Brys Estate Vineyard and Winery | Jane Boursaw Photo
Brys Estate Vineyard and Winery | Jane Boursaw Photo

(Editor’s Note: OMP resident Grant Parsons pens a love letter to the Wineries of Old Mission Peninsula (WOMP), noting that their love affair has been strong, but he fears they’ve strayed in recent years … -jb)

Dear WOMP (A Love Letter),

I love your vines, your beautiful architecture set against the green hills, the way you fit into rural life on Old Mission Peninsula. We’ve had something of a love affair.

But I’m beginning to feel you’ve fallen for another. Your lawsuit against Peninsula Township … Your article in Old Mission Gazette saying you want a new “pathway to business”… It seems like lipstick on your collar.

Remember how we started, how we worked to create Old Mission wineries? The farmers, the Township, the wineries, Protect the Peninsula (Ed O’Keefe, Bob Begin, Gordon Hayward, Mark Nadolski, Josh Wunsch, John Wunsch, everyone)?

Remember why you chose to open your wineries on the Old Mission Peninsula – our winery ordinance (1989 and 2001), our natural beauty, our PDR-supported agriculture (Purchase of Development Rights). Remember the old saying, “stick with the partner who brought you to the dance”?

Remember when Ed O’Keefe (the Peninsula’s winery pioneer) successfully fought in 1988 to win federal designation as an appellation – a distinct wine region? It was good for wine sales. Now you’re suing to get rid of “appellation” so you can import juice from anywhere. It’s like disowning your favorite child, isn’t it?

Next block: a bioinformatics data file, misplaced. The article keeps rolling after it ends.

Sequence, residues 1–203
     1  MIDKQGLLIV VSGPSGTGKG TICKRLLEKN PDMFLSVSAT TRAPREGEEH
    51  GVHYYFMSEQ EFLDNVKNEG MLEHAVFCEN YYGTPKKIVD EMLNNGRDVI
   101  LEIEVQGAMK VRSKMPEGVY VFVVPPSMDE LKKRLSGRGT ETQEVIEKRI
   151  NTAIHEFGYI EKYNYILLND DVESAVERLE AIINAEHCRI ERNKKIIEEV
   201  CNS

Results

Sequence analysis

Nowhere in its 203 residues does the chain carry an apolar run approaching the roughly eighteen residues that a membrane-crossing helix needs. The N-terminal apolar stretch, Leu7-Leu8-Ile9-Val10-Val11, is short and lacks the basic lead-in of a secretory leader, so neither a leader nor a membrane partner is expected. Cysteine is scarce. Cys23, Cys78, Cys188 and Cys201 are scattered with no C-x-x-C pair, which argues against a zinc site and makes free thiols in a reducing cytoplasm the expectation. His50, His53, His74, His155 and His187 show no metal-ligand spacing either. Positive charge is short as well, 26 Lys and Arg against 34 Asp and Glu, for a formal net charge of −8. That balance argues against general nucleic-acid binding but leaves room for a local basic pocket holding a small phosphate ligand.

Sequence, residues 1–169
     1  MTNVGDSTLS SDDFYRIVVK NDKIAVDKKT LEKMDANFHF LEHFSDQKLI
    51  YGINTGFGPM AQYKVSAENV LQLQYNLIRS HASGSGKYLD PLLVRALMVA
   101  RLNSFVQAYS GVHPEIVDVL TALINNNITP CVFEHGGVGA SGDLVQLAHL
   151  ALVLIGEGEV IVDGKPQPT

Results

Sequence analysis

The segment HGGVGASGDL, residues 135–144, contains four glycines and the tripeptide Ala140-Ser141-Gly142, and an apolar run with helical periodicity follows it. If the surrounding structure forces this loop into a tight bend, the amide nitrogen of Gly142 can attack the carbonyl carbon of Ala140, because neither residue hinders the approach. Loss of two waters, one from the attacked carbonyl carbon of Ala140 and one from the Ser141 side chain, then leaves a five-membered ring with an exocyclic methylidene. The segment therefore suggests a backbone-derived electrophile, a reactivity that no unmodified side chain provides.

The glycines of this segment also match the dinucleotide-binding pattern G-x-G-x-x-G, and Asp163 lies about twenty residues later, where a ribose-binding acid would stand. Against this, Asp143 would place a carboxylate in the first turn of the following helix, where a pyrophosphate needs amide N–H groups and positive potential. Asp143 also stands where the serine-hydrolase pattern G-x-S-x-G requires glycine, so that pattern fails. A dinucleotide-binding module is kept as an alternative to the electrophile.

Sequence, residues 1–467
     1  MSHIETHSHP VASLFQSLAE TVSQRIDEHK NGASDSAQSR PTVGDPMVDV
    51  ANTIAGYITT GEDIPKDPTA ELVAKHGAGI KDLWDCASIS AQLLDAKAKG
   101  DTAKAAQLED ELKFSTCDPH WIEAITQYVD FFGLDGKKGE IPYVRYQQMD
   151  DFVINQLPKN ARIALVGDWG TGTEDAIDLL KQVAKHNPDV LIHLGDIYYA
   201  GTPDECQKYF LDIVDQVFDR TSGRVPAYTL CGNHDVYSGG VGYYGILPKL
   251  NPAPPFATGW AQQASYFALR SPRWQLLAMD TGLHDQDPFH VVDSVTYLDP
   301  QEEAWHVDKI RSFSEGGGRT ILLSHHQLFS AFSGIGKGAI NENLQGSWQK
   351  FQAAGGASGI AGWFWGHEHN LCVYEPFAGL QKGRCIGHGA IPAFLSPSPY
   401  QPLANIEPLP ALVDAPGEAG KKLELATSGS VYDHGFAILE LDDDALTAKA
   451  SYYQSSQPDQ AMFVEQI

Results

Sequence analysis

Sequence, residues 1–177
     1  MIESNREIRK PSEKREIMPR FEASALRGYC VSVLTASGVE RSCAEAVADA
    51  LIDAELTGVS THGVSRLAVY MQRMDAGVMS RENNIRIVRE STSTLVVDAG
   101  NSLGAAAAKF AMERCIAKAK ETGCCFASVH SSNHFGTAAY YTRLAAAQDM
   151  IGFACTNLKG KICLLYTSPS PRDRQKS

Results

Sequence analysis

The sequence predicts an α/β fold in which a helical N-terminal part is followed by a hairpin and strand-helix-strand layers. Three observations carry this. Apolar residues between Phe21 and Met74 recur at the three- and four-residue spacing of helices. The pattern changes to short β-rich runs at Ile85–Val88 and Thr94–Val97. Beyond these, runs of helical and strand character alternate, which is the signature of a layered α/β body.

Remember back in 1992, when we – the Township, Protect the Peninsula and farmers – all joined together to create the nationally-recognized PDR program? We tax ourselves to raise money, buy development rights, and preserve agriculture. Now, instead of agriculture, you want to sell t-shirts and nick-nacks, hold music events until 2 a.m., and have full restaurant service until 2 a.m. Is that what I’m paying PDR taxes to promote?

WOMP, please don’t leave me. Wineries are succeeding. Your Nov. 2 article says, “Some wineries did build with these rules in mind, and others worked diligently to create a pathway to do business.” Why can’t you be faithful, like the cherry, apple and vegetable farmers?

I’ll understand if you want to leave, go downtown and buy a restaurant, open a bar, sell t-shirts to your heart’s content. But you know we can’t have that in our home on the Peninsula.

WOMP, you know what made our marriage successful: Our natural beauty, our mutual respect, our loving community. Why this sudden lawsuit, big city lawyers, threats to sue Peninsula Township Board trustees? Wedding events, bar service until 2 a.m., outdoor amplified music, more traffic, more parking, more headlights in the windows? All that is cheating on agriculture.

When we married 20+ years ago, you and I made a promise, remember? The winery ordinance was our oath to remain true to agriculture. WOMP, I love you, but …

Sincerely,
Grant Parsons

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7 COMMENTS